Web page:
Election polls have a long history of a symbiotic relationship with the media, dating back to the nineteenth century (Converse 1987; Frankovic 2008). However, it was not until the 1920s that polls insinuated themselves into the news operations of election coverage on a regular basis. Before the advent of the modern polling period, the major political poll operating in the United States was conducted by a leading circulation magazine, the Literary Digest. Based upon its subscriber lists, eventually supplemented by information from telephone directories and automobile registrations, the Literary Digest conducted large mail surveys to produce estimates of the outcome of presidential elections. While the magazine made good estimates from its data in 1928 and 1932, its 1936 estimate that predicted a Landon win over Roosevelt was a disaster (Squire 1988). Of greater significance, George Gallup had started a new public polling operation and promised his first major news client, the Washington Post, that his methods could outperform the Literary Digest. When he did, a new era of public polling for news organizations was born.
The nature of the symbiotic relationship was, and remains, that public polling organizations needed the news media to publicize the work they did during elections in order to promote their availability for private work for commercial clients, where they made their money. And the news organizations were attracted to the ability of polls to generate news content based upon their election forecasts which coincided with their natural inclination to cover elections with “horse race” journalism which focuses on who is ahead and by how much. At the same time as Gallup began his relationship with a series of newspapers that carried his syndicated column from the American Institute for Public Opinion, Elmo Roper established a similar relationship with Fortune magazine (Zetterberg 2008). And as American campaign techniques have been transported to overseas political systems, so has the use of polls in the news coverage of them (see, e.g., Worcester 1980; Weimann 1990; Brettschneider 1997; 2008).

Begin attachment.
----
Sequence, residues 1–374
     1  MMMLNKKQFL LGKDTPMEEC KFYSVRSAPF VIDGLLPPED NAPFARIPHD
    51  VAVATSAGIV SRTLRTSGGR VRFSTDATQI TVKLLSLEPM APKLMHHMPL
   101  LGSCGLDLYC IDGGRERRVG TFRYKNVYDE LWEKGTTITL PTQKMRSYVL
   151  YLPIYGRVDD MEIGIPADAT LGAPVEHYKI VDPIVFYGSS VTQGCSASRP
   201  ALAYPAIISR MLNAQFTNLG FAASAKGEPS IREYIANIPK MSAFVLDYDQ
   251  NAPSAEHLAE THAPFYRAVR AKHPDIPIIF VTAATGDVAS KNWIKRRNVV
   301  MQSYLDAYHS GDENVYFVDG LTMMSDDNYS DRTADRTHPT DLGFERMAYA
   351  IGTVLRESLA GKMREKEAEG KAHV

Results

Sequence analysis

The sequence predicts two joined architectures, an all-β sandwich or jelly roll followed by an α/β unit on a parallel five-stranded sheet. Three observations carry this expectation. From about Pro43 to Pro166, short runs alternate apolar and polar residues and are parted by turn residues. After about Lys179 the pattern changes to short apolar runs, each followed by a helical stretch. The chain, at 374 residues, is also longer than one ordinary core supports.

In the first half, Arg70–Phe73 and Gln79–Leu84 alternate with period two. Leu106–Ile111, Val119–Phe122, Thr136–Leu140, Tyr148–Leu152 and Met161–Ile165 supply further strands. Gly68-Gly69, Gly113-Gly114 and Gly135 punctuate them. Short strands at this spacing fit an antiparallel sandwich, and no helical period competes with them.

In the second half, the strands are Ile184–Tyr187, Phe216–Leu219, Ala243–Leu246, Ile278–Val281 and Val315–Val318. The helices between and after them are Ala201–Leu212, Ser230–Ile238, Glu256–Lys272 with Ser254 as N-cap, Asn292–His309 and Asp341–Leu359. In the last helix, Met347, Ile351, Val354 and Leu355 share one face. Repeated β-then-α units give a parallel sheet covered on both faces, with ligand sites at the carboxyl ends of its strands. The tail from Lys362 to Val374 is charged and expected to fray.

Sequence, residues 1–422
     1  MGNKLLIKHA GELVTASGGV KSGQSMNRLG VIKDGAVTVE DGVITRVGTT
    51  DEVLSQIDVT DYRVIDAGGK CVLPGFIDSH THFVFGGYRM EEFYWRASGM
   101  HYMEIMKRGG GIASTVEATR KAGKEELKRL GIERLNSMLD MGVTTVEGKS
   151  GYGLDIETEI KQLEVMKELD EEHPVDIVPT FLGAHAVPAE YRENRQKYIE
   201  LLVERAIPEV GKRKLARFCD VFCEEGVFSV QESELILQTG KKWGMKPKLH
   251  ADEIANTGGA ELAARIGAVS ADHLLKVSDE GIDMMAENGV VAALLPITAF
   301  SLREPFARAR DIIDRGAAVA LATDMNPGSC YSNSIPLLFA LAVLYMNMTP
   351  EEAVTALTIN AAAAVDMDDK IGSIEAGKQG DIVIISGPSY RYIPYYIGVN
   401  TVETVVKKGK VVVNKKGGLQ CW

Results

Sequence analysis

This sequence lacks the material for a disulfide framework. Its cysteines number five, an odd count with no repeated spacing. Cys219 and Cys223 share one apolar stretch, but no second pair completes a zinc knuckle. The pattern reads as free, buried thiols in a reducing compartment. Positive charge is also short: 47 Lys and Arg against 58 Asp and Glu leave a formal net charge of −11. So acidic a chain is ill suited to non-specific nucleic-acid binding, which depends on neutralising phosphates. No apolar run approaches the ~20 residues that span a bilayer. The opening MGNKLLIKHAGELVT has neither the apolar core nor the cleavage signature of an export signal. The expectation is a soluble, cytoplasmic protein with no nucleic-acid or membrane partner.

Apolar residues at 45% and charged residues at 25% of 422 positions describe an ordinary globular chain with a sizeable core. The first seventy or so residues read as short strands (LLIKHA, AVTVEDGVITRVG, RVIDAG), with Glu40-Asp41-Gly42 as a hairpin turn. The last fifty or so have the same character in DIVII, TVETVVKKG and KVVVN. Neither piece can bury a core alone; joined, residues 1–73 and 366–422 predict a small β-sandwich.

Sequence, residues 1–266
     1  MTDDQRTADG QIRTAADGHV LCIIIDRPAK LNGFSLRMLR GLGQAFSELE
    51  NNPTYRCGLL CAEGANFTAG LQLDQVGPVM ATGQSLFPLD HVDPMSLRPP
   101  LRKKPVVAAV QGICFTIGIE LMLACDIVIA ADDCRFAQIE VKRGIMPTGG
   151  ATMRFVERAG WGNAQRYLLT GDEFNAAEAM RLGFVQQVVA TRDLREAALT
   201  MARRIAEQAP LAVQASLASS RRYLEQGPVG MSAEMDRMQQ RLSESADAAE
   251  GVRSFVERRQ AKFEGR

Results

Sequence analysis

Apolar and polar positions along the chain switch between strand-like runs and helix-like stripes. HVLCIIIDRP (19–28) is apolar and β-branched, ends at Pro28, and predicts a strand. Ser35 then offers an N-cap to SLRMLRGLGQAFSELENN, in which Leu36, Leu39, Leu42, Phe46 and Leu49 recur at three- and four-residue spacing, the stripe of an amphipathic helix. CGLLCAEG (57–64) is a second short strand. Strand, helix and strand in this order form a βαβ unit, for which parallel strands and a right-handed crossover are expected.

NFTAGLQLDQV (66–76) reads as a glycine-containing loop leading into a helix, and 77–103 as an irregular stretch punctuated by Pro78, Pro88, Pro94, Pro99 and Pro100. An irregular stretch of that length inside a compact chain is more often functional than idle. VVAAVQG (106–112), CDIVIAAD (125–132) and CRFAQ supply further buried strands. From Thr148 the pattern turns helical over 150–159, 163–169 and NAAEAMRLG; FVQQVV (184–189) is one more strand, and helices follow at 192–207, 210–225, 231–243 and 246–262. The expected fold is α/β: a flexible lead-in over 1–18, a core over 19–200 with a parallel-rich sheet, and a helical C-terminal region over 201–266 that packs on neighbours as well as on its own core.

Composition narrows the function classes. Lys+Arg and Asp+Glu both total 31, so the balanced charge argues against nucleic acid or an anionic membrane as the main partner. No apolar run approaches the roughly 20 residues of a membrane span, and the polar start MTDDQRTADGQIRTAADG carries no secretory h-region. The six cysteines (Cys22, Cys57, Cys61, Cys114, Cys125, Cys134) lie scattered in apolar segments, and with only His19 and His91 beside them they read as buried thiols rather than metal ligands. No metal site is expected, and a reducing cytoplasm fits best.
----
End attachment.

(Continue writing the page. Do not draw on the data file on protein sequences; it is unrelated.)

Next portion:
These partnerships still exist today, although changes in technology and the structure of the news business have altered them. In the 1970s, a number of forces converged to move news organizations into independent data collection rather than continuing their reliance on syndicated data gatherers like Gallup, Roper, or Harris. This was the period when network television news was competing with newspapers for pre-eminent coverage of elections, including live on-the-air coverage on election night. In the polling industry, telephone surveys were replacing face-to-face interviewing techniques, and the advent of low-cost personal computers and supporting software coincided with the development of computer-assisted telephone interviewing (CATI) operations and the design of random digit dialed (RDD) sampling.